1. Paternity related claims. In granting summary judgment to dispose of Peter's claims of nonpaternity, the Probate Court judge ruled that the claim had been previously determined in the divorce litigation, see Heacock v. Heacock, 402 Mass. 21, 23 n. 2 ; Aetna Casualty & Sur. Co. v. Niziolek, 395 Mass. 737, 742 ). "A fundamental precept of common-law adjudication, embodied in the related doctrines of collateral estoppel and res judicata, is that a `right, question or fact distinctly put in issue and directly determined by a court of competent jurisdiction ... cannot be disputed in a subsequent suit between the same parties or their privies.'" Fidler v. E.M. Parker Co., 394 Mass. 534, 539 (1985), quoting Montana v. United States, 440 U.S. 147, 153 (1979), quoting Southern Pac. R.R. v. United States, 168 U.S. 1, 48-49 (1897).
Divorce decrees are conclusive and binding on the parties with regard to all matters they actually or necessarily determine, until revoked or modified. Bloom v. Bloom, 337 Mass. 480, 482 (1958). Jelly v. Jelly, 327 Mass. 706, 708 (1951). Whitney v. Whitney, 325 Mass. 28, 31 (1949). Both the 1972 and 1975 decrees governing the Andersons' divorce contained statements to the effect that Kirsten was born to Peter and *256 Barbara during their marriage. Peter did not deny or even question his paternity in either proceeding and, in fact, signed an agreement which became an order of the court attesting to that paternity in 1975. In addition, both decrees obliged Peter to pay child support to Barbara on behalf of Kirsten, a necessary predicate of which is a finding of paternity. G.L.c. 208, § 28. It was open to Peter in both proceedings to challenge paternity.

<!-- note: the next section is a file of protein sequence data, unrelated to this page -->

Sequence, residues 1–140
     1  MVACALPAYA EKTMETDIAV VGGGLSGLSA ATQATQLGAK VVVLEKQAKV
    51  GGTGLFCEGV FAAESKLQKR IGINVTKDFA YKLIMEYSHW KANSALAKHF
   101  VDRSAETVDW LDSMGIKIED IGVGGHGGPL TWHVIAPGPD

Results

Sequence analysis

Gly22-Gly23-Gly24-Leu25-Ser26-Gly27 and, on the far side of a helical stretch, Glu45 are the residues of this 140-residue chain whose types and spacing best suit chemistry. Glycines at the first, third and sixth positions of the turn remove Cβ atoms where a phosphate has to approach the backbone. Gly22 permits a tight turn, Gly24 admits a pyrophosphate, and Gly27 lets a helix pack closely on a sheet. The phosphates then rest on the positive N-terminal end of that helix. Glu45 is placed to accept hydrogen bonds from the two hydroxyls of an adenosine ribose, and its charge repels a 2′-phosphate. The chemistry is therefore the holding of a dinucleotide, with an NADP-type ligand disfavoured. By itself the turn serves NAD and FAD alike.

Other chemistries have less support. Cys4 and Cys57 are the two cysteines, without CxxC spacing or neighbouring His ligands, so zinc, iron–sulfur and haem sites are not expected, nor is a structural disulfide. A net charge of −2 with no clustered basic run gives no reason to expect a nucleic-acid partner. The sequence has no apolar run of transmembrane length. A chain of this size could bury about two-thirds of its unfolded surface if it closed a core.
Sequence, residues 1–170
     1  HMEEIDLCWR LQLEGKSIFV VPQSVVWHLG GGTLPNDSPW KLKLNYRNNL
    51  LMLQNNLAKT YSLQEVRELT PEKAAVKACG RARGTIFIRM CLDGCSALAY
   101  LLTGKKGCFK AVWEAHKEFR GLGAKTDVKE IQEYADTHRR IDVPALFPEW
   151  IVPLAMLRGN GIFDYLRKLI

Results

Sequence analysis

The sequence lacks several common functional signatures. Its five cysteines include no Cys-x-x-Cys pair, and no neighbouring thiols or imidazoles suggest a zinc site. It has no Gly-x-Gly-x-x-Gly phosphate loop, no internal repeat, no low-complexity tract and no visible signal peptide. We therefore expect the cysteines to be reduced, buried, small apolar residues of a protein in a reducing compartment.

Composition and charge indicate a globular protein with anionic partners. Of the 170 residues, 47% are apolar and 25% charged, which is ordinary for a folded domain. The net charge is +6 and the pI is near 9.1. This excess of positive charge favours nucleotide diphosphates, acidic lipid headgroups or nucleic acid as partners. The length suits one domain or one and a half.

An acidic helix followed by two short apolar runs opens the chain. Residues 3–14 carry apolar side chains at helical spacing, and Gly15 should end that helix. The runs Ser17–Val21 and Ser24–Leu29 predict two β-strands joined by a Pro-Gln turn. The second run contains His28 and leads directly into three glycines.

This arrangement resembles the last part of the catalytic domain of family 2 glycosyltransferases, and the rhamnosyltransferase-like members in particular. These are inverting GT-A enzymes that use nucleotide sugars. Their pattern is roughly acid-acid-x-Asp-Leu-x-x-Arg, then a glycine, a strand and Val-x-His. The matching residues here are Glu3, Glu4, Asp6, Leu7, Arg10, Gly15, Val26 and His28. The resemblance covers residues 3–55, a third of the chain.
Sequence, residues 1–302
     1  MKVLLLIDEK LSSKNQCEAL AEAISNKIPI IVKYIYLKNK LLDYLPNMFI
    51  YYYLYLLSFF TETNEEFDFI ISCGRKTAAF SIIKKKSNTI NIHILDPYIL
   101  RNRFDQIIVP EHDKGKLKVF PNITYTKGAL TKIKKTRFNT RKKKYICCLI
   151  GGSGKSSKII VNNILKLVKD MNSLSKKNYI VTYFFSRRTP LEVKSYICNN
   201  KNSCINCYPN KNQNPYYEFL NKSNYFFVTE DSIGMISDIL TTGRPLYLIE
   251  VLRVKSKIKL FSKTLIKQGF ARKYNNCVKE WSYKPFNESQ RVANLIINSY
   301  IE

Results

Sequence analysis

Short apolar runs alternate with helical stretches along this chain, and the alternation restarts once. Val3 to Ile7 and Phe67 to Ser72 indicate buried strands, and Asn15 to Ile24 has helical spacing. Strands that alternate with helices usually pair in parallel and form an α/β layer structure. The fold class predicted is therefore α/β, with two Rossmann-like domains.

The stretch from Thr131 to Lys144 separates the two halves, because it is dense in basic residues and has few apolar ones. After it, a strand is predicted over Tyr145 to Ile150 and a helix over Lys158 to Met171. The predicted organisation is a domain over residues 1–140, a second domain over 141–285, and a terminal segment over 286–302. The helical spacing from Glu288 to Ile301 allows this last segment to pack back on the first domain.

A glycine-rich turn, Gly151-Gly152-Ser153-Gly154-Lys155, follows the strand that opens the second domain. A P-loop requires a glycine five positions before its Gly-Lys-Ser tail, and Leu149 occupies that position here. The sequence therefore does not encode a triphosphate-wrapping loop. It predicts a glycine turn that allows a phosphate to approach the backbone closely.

While Massachusetts courts have not had occasion to assess the conclusiveness of a paternity finding in a divorce decree, other jurisdictions have universally held that a divorce decree constitutes an adjudication of the paternity of a child of the marriage. See Conlon v. Heckler, 719 F.2d 788, 797 (5th Cir.1983) (interpreting Texas law); Soltis v. Soltis, 470 So. 2d 1250, 1252 (Ala. Civ. App. 1985); DeWeese v. Unick, 102 Cal. App. 3d 100, 105-106 (1980); McNeece v. McNeece, 39 Colo. App. 160 (1977); Marriage of Yakubec, 154 Ill. App.3d 540, 544 (1987); Marriage of Detert, 391 N.W.2d 707, 710 (Iowa Ct. App. 1986); Rucinski v. Rucinski, 172 Mich App. 538 (1988); Clay v. Clay, 397 N.W.2d 571, 575 (Minn. Ct. App. 1986), appeal dismissed, 484 U.S. 804 (1987); Butler v. Brownlee, 152 Mont. 453 (1969); Chrzanowski v. Chrzanowski, 325 Pa. Super. 298, 305 (1984); Luedtke v. Koopsma, 303 N.W.2d 112, 114 (S.D. 1981); Lerman v. Lerman, 148 Vt. 629 (1987); N.C. v. W.R.C., 317 S.E.2d 793, 797 (W. Va. 1984).
Peter Anderson argues, however, that he should be granted relief from the prior judgments because of what he asserts is newly discovered evidence that could not have been ascertained at the time of either the 1972 or the 1975 divorce decrees. Such an argument is encompassed within Mass. R. Dom. Rel. P. 60 (b) (2) (identical to Mass. R. Civ. P. 60 [b] , 365 Mass. 828 ), which is, first of all, directed to the discretion of the trial judge, Trustees of the Stigmatine Fathers, Inc. v. Secretary of Admin. & Fin., 369 Mass. 562, 565 (1976), and secondly may only be advanced within one year after judgment. For these reasons alone that claim must fail.